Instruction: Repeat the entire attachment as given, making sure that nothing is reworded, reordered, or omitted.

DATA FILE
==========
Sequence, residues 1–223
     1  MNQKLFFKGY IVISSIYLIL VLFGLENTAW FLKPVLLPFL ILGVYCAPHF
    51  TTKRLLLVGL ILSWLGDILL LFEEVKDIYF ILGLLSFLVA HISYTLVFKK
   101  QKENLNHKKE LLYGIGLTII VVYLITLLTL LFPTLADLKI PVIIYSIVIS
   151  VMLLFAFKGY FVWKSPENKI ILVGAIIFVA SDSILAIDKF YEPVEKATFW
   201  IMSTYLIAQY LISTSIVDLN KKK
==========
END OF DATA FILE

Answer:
Sequence, residues 1–223
     1  MNQKLFFKGY IVISSIYLIL VLFGLENTAW FLKPVLLPFL ILGVYCAPHF
    51  TTKRLLLVGL ILSWLGDILL LFEEVKDIYF ILGLLSFLVA HISYTLVFKK
   101  QKENLNHKKE LLYGIGLTII VVYLITLLTL LFPTLADLKI PVIIYSIVIS
   151  VMLLFAFKGY FVWKSPENKI ILVGAIIFVA SDSILAIDKF YEPVEKATFW
   201  IMSTYLIAQY LISTSIVDLN KKK